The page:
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What is the future of the music industry? A view from Finland

by Merja Hottinen

How do musicians and other music professionals in Finland view the future? The outlook for the music industry is sunny but not entirely without clouds, according to the recently conducted Music Industry Barometer study. Although professionals believe firmly in further growth, many are concerned about how current developments will affect their livelihood, particularly the digitisation of recording distribution and the tightening competition.

In spring 2019, Music Finland completed a survey among music professionals and corporations (meaning companies and associations) in Finland. The purpose of this Music Industry Barometer was to probe the feeling in the field concerning where the industry is at and where it is seen as going. The number of responses returned was 518, most of them from musicians and other music professionals.

The outlook was even more optimistic this time than in the first Music Industry Barometer conducted three years earlier. No fewer than 81% of all respondents believed that their personal or their corporation’s financial situation will remain stable or improve over the next three years. Belief in the growth of music consumption was also stronger now than three years earlier, with growth potential being seen in a number of areas.

The percentage of women out of all respondents was 28%, and the figure was not much higher in the areas with the highest percentage of women (classical and contemporary music) – about one third. Gender seems to have a bearing on the respondents’ outlook: women were in general more optimistic about their own operating potential and about the industry as a whole. Corporate respondents were more optimistic than individuals.

Potential for success seen in increasingly diverse areas

As in the previous Barometer, live music is the area where the most respondents considered growth to occur. However, its lead was not as overwhelming now as in the previous Barometer; many other areas have narrowed the gap, such as music synchronisation with films, TV ads and games, or online and application-based music services. Many respondents considered that cross-sector collaboration has the potential to generate growth, and wellbeing services were mentioned in many contexts.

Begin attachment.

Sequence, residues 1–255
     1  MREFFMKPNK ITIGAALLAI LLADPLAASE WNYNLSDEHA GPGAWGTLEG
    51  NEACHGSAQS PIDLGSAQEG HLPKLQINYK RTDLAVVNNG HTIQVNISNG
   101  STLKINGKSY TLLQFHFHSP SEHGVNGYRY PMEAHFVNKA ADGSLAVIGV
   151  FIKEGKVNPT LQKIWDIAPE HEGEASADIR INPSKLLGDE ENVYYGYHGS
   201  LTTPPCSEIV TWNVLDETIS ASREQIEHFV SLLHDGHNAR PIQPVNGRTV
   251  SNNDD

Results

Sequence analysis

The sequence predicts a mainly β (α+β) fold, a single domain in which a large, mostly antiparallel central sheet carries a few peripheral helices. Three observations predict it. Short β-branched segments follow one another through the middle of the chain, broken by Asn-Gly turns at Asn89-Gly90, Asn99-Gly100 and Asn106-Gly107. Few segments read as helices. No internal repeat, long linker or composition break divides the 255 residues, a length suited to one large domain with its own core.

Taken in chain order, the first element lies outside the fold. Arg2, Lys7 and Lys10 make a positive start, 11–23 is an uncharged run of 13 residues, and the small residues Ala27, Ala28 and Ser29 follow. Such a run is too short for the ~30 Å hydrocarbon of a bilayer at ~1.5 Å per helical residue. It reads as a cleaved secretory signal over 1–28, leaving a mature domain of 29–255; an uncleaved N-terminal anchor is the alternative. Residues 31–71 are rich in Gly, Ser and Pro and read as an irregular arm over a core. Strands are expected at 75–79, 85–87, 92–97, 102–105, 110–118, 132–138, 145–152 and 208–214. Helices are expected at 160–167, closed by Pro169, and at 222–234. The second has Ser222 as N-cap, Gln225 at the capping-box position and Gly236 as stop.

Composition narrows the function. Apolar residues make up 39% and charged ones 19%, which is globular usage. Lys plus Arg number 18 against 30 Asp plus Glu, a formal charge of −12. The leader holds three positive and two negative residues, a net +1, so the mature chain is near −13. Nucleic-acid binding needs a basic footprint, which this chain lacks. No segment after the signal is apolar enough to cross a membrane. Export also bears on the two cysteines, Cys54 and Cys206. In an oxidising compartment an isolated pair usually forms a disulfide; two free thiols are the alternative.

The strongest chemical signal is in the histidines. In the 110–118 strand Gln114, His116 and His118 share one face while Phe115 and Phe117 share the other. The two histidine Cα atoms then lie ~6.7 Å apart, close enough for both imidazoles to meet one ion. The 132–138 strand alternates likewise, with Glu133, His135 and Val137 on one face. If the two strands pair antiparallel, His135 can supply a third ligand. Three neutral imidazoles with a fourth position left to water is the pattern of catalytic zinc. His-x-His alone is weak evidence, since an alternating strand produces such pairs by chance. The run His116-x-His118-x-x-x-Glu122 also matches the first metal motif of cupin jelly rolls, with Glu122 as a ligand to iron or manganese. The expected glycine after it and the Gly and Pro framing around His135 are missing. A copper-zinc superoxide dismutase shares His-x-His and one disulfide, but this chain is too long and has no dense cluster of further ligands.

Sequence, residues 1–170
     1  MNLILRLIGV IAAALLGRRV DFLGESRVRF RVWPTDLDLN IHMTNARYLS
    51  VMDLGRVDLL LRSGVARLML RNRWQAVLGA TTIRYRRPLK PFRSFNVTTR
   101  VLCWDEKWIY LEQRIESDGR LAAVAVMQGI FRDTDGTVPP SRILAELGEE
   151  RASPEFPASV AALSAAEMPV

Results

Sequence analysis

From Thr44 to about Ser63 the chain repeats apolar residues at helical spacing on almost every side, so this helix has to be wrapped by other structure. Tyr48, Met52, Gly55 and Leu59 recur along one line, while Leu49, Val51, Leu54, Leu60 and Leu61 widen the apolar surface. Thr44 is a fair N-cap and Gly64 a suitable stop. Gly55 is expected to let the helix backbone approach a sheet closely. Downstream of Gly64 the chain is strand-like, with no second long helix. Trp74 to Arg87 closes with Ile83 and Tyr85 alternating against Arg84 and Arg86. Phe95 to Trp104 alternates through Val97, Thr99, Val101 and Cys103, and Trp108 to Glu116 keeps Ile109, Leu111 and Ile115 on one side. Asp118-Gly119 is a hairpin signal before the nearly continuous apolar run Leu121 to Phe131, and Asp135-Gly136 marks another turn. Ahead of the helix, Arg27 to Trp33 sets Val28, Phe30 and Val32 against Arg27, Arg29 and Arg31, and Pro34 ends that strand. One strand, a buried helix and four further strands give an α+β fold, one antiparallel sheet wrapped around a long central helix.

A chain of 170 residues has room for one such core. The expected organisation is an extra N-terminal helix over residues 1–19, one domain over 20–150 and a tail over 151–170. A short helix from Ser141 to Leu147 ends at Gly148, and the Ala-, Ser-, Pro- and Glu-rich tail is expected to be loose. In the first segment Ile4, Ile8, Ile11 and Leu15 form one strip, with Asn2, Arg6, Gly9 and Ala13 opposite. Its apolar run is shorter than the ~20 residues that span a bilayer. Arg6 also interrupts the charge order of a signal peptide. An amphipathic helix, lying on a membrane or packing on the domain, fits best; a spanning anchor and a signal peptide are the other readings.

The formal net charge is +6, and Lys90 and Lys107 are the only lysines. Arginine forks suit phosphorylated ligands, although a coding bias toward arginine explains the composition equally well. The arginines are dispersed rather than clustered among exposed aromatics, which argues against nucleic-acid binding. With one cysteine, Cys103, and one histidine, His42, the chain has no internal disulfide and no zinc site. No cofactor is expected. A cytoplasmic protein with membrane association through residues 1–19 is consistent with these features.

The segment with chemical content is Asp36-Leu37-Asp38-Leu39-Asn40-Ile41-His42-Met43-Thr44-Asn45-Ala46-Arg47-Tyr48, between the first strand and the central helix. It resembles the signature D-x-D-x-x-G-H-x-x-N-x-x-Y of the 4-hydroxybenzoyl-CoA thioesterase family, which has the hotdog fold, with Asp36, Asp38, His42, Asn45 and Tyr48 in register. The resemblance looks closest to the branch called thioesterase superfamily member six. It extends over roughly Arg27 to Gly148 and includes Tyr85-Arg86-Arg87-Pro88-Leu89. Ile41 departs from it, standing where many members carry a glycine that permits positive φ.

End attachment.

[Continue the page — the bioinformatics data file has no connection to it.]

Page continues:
“An album is an artwork. It is vital for performers to be able to produce a compilation showcasing their mental landscape, development, story and situation at that particular moment.”
A comment of one of the respondents

Despite the live music sector leading the field, many voiced doubts about whether live music can continue to provide sufficient employment for professionals. In general, new areas of activity seem to have a more hopeful outlook than the traditional areas. By contrast, some faith seems to have been restored in recording sales, for which the outlook is much more promising than it was three years ago.

The outlook for Finnish music exports is positive; more than half of the respondents considered that it will grow over the next three years. Respondents in pop and rock were particularly positive about the potential for internationalisation, while respondents in classical music saw the situation as stable.

Multiple futures

The future does not look the same for all genres, professional groups or operating environments. Though many of the projected future trends are the same across the board, there are also significant differences. For example, pop and rock respondents tended to be more optimistic on average than classical and contemporary respondents, who have a less favourable view, say, of the employment prospects in the music industry than everyone else. The well-established nature of structures in the classical music field is probably a contributing factor to professionals in this genre seeing the future as more stable than others.

The factors influencing outlook also vary widely from one area to another. All respondents considered personal attitudes to be important, but while the heavily institutionalised classical music genre frequently mentioned public funding, the more market-driven pop and rock genres – and the live music sector more generally – emphasised consumer habits. Classical respondents referred to the importance of education and training more often than others, while jazz and world music respondents saw the opportunities and problems in live performances as more important than others.

Genre differences were also apparent in that classical respondents considered that income from live performances increases with age; the opposite was the case with pop and rock respondents. Many noted that the ageing of the population may contribute to the genres of music favoured by older age groups becoming more popular. Many respondents expressed concern that it is difficult to get young people interested in live music.